Today the International Chamber of Commerce (ICC) released its 2020 ICC Global Survey on Trade Finance. A key finding is that 86% of respondents said supply chain finance is an immediate or near term priority. When it came to digital, 84% of replies had the same answer.
Of the almost 350 banks surveyed, 145 were global banks. 10% of these global banks said they transacted $10 – $20 billion of trade finance via blockchain or digital ecosystems.
In terms of responding to COVID-19, asked if the pandemic had spurred a rollout of digital solutions, 54% of global banks said it had. The big surprise is that Asia Pacific was the region with the lowest new deployments at 38%, with all other regions above 50%. However, it’s conceivable that Asia was already more digital.
Importantly for the COVID-19 state of play, the survey was conducted between February and March this year. At that stage, banks were experiencing declines in trade finance of 0-10% for Q1 with declines of 20-30% from original forecasts expected for the year. The respondents biased towards Asia Pacific (30%) and Western Europe (32%), with just 5% headquartered in North America.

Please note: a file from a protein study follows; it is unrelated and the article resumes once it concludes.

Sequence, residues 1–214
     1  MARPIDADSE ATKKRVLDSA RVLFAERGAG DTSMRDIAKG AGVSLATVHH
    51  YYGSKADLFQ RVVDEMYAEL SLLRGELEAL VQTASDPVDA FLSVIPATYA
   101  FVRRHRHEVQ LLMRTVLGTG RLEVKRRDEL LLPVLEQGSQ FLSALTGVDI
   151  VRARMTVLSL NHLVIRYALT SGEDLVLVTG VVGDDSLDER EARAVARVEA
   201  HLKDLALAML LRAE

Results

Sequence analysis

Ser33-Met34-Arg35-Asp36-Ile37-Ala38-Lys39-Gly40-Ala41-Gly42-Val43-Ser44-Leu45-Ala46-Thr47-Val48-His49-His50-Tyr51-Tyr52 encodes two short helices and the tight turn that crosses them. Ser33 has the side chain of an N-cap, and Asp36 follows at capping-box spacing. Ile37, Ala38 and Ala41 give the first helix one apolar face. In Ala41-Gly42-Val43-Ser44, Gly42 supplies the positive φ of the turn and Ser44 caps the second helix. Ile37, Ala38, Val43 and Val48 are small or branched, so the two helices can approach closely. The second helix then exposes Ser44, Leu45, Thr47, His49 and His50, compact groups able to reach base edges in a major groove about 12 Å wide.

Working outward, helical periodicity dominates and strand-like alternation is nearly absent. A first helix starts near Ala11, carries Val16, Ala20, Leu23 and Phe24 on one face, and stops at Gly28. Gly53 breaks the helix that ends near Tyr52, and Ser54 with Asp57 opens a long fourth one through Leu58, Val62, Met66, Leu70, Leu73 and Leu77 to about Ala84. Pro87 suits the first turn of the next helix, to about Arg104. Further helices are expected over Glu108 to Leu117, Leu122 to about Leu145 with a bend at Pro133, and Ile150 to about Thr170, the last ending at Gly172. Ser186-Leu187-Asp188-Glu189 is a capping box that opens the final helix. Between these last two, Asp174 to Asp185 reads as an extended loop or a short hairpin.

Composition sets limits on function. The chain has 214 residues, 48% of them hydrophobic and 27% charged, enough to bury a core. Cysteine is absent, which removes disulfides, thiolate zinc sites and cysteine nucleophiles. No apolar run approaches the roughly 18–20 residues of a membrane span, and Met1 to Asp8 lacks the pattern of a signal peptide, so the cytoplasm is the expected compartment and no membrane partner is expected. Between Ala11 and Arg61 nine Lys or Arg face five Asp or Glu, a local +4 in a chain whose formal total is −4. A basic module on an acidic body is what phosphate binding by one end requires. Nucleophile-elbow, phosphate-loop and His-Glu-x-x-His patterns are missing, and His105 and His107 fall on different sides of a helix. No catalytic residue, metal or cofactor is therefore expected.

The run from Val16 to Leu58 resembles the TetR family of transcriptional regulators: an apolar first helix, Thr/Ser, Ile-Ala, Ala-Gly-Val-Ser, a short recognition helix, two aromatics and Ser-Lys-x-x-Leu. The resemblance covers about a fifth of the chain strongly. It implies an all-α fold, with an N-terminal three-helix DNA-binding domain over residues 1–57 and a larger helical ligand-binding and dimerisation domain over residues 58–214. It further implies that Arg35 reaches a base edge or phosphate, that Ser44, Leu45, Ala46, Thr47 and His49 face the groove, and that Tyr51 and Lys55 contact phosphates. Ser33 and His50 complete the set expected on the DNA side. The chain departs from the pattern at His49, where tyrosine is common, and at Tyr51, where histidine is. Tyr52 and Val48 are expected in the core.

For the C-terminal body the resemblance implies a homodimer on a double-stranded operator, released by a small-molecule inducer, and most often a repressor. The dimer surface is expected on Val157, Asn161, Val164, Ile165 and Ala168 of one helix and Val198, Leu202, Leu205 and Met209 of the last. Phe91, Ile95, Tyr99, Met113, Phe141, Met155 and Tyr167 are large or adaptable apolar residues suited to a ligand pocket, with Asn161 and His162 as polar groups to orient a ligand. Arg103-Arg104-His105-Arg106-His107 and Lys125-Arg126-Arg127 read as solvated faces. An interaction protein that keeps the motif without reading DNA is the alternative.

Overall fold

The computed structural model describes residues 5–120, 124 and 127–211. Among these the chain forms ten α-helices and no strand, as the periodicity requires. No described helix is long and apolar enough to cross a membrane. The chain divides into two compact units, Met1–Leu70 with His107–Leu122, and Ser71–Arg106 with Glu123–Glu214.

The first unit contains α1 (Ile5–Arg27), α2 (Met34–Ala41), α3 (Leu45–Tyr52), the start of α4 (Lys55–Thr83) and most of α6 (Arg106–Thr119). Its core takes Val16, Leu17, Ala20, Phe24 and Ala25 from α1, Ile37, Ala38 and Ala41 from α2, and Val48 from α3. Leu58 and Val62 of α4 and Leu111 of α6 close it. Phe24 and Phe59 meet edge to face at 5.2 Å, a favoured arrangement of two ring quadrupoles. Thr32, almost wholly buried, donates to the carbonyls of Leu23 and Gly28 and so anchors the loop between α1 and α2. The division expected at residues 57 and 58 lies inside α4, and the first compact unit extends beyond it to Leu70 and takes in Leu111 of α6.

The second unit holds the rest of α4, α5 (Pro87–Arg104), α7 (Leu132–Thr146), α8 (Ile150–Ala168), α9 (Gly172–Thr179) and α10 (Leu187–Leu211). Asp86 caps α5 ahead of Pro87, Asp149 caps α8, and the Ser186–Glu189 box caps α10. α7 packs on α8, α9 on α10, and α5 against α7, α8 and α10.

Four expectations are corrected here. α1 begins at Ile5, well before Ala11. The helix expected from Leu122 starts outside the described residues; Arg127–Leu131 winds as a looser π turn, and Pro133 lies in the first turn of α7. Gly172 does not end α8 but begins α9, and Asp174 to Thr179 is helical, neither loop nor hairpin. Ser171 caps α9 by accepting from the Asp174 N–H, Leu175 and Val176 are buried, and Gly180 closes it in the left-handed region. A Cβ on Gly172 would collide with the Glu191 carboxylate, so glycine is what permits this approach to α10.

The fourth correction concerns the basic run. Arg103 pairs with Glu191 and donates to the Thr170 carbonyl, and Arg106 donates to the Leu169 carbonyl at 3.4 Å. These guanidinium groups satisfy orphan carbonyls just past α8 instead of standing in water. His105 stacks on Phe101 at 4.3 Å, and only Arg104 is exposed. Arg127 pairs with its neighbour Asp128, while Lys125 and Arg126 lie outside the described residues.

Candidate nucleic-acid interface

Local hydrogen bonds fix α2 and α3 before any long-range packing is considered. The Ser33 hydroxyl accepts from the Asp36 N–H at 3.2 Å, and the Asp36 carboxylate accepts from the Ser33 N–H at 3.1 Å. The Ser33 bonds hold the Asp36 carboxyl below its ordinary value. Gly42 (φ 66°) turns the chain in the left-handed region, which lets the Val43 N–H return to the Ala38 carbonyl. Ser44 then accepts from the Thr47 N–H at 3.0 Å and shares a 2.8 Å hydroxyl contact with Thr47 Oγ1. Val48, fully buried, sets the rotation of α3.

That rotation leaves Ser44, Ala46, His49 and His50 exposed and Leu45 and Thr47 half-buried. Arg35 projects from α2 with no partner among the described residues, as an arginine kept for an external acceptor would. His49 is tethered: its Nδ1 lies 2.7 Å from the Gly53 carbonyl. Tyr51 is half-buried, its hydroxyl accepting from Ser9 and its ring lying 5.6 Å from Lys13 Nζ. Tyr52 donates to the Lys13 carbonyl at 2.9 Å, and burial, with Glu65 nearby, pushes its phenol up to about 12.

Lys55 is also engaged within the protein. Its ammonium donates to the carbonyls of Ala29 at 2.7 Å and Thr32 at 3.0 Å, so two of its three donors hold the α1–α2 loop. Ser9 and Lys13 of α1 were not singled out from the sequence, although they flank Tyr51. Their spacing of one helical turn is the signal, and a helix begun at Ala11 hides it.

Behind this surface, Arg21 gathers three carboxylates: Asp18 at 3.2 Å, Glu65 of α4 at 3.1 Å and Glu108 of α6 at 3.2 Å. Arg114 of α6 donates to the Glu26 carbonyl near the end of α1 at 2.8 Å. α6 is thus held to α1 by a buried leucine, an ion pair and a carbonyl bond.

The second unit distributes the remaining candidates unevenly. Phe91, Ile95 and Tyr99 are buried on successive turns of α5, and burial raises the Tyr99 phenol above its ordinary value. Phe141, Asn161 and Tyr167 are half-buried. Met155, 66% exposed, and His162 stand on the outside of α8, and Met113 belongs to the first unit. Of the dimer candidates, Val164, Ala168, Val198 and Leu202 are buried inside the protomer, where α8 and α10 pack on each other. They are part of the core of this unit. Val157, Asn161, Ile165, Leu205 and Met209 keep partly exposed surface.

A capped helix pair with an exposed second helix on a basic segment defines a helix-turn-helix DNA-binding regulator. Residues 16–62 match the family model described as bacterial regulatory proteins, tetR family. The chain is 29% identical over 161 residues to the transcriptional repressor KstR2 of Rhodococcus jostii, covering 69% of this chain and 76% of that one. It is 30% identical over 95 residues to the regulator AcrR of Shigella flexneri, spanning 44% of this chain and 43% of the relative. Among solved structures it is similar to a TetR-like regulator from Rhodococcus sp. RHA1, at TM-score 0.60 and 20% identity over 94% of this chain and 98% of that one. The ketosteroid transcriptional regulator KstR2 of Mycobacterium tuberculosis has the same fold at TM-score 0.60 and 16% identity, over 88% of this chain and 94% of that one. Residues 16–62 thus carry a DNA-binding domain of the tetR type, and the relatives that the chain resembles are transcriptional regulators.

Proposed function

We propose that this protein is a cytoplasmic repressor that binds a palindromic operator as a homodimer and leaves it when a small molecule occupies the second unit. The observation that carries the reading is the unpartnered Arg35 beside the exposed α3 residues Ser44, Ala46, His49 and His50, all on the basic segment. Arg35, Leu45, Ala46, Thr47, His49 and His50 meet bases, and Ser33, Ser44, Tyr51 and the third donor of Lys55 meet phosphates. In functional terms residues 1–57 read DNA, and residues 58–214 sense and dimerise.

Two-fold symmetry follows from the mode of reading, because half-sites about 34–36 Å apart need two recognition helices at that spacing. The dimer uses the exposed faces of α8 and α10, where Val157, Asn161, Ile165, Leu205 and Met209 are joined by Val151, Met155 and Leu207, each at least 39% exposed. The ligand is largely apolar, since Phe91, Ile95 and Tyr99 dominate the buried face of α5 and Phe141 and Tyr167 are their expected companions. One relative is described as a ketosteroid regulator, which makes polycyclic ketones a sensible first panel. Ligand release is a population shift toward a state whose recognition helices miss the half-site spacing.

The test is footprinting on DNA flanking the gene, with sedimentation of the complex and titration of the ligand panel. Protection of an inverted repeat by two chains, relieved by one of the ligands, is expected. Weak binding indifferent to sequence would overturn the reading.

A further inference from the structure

With respect to digitization, there is a divide based on scale. 83% of global banks have a digital strategy compared to 46% of regional banks. It might be inferred that the cost of implementing technology is a significant factor, given that 59% of global banks believe digitization will reduce costs compared to 25% for local banks and 32% of regional banks.
The report concluded that this disparity could be a driver of further consolidation in the sector.
Digital trade is seen as a key enabler to address the so-called trade finance gap by providing financing for smaller business. Transitioning to digital was also mentioned as the number one (77%) enabler for banks to grow their trade finance business. And 97% of banks plan to expand in this area.
Five issues stand out in terms of obstacles to providing trade finance, dominated by compliance requirements. Top of the list is anti money laundering (AML) and know your customer (KYC) requirements cited by 84% of respondents. That is closely followed by 79% for counter-terrorism and international sanctions. Next was high transaction costs or low fee income. We’d add an observation that those transaction costs are partly a consequence of regulation.
The fourth barrier is Basel capital requirements, and the fifth is protectionism and trade restrictions.
The survey was produced in conjunction with Boston Consulting Group (BCG), TXF, SWIFT and the Asian Development Bank (ADB).